MCEC Announces a Finding of Ministerial Sexual Misconduct


Mennonite Church Eastern Canada Announces a Finding of Ministerial Sexual Misconduct

Kitchener, ON - Mennonite Church Eastern Canada (MCEC) announces a finding of ministerial sexual misconduct against deceased MCEC minister Frank H. Epp (1929-1986). The founded allegation relates to the time period when Epp was an ordained Mennonite minister and a board member of Mennonite Central Committee Canada (MCCC). Following the receipt of a formal complaint in February 2021, MCEC appointed an independent investigation team to investigate the complaint, according to the Ministerial Sexual Misconduct Policy and Procedure, a denominational protocol. MCEC worked in coordination with MCCC on the investigation process as the allegation was under the jurisdiction of both institutions. 

In the course of the investigation historical documents were gathered from MCEC files including a firsthand disclosure from the 1990s of sexual misconduct committed by Epp. Though the investigators acknowledge that lacking Epp's version of events creates a deficit in information gathering, through many interviews and historical documents they found sufficient and compelling corroboration for the allegation of ministerial sexual misconduct. MCEC’s Leadership Council accepted the findings of the investigation report which determined that the allegation of ministerial sexual misconduct was founded. The nature of the misconduct was in the form of sexual advances and sexual touch, which included hugging, kissing and sexual intercourse. 

MCEC’s records indicate that while MCEC responded to the complainant at the time of the initial disclosure, the MCEC policies at the time were restrictive to both the complainant and MCEC's potential action. The actions being taken now align with the current MCEC policy referenced above, which can be triggered by any person who believes that a minister has engaged in ministerial sexual misconduct and can address long-ago ministerial misconduct, whether the minister is dead or alive. MCEC’s Executive Council and Leadership Council deeply regret the harm that was caused to the survivor and the survivor’s family by MCEC’s actions and inactions. We are sorry that our response so many years ago caused more harm and did not communicate that we took your experience seriously. We are committed to being trauma-informed and to ongoing learning about how to receive stories of abuse in ways that embody the love and presence of Christ. 

Were Epp alive today, this finding of ministerial sexual misconduct would result in the removal of his ordination credential. MCEC’s practice is to announce founded allegations of ministerial sexual misconduct so that the truth of the harm can be uncovered and named in the hopes of healing the harms of the past within the Church, supporting victim-survivors, creating space where other stories of harm can be told and believed and seeking to move toward a culture where there will one day be no more victims. We are grateful for the courage of those who come forward to share their stories of pain and abuse; we lament with you the harm that you endured.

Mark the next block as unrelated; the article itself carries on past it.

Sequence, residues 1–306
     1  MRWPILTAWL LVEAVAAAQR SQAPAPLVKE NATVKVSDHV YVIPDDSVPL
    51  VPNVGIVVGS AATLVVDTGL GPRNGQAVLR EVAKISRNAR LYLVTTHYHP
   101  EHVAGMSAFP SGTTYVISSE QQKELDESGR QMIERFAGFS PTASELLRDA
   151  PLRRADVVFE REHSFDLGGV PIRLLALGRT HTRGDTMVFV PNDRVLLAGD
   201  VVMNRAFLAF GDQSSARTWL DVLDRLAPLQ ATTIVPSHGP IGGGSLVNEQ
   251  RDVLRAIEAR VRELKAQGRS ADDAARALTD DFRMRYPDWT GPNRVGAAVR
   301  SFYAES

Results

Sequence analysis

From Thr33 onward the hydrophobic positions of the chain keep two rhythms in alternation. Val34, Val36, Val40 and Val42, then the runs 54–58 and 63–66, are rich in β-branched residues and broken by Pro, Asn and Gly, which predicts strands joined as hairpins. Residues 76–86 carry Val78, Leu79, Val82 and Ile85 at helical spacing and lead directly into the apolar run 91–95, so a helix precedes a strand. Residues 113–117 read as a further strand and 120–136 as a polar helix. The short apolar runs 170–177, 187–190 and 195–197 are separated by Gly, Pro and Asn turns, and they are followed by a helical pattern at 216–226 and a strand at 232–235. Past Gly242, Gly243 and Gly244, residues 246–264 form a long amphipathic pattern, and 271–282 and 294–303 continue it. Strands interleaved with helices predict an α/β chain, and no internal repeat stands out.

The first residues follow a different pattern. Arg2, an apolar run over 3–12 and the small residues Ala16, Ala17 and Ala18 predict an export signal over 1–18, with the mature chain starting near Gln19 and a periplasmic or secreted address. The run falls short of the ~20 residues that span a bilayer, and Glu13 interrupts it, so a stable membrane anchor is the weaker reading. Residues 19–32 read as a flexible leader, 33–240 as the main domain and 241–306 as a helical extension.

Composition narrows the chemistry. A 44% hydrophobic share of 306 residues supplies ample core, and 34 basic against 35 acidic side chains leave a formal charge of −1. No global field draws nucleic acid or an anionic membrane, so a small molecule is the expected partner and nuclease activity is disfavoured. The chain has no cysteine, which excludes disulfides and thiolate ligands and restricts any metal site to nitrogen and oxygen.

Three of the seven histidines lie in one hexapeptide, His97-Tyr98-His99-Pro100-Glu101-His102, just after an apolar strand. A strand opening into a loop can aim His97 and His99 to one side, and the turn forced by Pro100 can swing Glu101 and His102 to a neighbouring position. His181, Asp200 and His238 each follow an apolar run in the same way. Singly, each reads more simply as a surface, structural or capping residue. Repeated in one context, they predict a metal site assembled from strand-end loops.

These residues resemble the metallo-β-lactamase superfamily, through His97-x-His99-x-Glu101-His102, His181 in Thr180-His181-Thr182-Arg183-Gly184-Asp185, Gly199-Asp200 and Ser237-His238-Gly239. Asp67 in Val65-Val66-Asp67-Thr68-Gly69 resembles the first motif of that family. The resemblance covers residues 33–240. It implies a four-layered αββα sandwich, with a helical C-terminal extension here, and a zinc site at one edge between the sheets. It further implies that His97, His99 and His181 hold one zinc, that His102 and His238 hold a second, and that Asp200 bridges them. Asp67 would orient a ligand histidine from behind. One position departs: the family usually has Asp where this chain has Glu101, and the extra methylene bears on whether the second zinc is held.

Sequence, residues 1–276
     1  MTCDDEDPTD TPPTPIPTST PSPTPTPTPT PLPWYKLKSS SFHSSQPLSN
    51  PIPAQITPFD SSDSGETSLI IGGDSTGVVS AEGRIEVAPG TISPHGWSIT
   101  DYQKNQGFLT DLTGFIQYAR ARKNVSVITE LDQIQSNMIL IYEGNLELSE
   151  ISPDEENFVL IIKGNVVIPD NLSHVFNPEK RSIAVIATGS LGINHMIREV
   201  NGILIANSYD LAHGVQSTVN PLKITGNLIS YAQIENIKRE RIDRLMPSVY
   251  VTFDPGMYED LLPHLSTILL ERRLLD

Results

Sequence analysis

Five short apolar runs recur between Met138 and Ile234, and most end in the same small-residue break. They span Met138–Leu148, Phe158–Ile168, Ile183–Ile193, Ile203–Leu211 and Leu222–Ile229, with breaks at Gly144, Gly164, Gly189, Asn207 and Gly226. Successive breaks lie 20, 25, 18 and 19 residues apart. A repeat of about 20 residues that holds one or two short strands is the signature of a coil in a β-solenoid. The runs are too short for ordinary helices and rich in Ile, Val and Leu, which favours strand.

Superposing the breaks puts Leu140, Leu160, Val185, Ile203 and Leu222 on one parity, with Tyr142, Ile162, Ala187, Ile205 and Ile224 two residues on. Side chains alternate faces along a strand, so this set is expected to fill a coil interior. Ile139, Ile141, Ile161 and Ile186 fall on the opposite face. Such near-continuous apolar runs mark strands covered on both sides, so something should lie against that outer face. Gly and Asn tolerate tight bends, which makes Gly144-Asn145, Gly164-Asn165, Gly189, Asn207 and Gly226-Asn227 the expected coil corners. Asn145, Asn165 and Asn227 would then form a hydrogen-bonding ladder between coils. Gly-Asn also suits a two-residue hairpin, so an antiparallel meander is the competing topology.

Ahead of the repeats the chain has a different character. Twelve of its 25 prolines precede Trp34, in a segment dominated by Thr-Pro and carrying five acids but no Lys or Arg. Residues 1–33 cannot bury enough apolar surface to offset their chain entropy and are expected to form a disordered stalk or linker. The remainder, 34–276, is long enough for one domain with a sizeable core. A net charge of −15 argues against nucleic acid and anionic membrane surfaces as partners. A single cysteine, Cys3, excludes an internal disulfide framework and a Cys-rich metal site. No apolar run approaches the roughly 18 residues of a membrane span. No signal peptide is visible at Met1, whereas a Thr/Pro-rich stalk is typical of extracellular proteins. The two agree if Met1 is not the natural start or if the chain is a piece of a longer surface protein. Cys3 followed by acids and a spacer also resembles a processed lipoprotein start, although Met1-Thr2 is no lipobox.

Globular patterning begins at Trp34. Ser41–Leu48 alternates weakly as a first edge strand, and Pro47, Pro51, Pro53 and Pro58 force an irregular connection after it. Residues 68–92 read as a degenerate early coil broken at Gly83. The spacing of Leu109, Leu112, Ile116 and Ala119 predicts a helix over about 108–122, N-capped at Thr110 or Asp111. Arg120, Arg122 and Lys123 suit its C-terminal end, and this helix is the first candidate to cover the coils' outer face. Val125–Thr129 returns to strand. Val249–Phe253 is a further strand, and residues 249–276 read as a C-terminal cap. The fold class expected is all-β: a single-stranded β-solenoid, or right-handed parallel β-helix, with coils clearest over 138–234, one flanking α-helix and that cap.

We recognize that for Epp’s family and those who knew him, there is pain in this naming of harm. We want to uphold them and entrust them into the compassionate care of their communities, especially within the MCEC and Mennonite Church Canada family of faith.  

The public uncovering of decades-old harm now invites the Church once again to lament the reality of ministerial sexual misconduct and to lament the institutional delays in addressing it. Epp’s influence was wide-ranging and is evident in institutions across the Mennonite Church. We will have to reconcile the tension that human beings have the capacity to do great harm, even while they have also done a lot of good for the Church. We as a faith community are called to support paths that lead to healing and wholeness. As a Regional Church, we will do our best to walk alongside all those who are impacted. 

We are indebted to the courage of those who have come forward to share their stories. We thank you for showing us what it means to be brave and vulnerable and we are sorry that you experienced this harm. If you are a victim-survivor of any misconduct of a credentialed leader, MCEC wants to hear your story. Please reach out to Church Leadership Minister Marilyn Rudy-Froese at If you would prefer to reach out to someone who is arm's length from MCEC, we have arranged for two victim advocates who are also willing to receive your story. You may contact Carizon Counselling Services counsellors Theresa Karn or Robert Wilson by calling Carizon: 519-743-6333 x1 and referencing MCEC Sponsored Program, or emailing

MCEC holds all pastors to a high standard of ethical conduct. We have policies, procedures and training for pastoral leaders that promote safe and ethical interactions between pastors and participants in our faith communities. MCEC commits to ongoing review and strengthening of these safeguards. In addition, MCEC also has a web-based resource for understanding, reporting and responding to sexual misconduct by church leaders.    

We pray for healing for all people directly impacted by the misconduct, and healing for us as a Church. May God’s grace and compassionate love support and enfold all those affected. In the same spirit, we invite your prayers for everyone involved.  

For more information contact: 

Leah Reesor-Keller, MCEC Executive Minister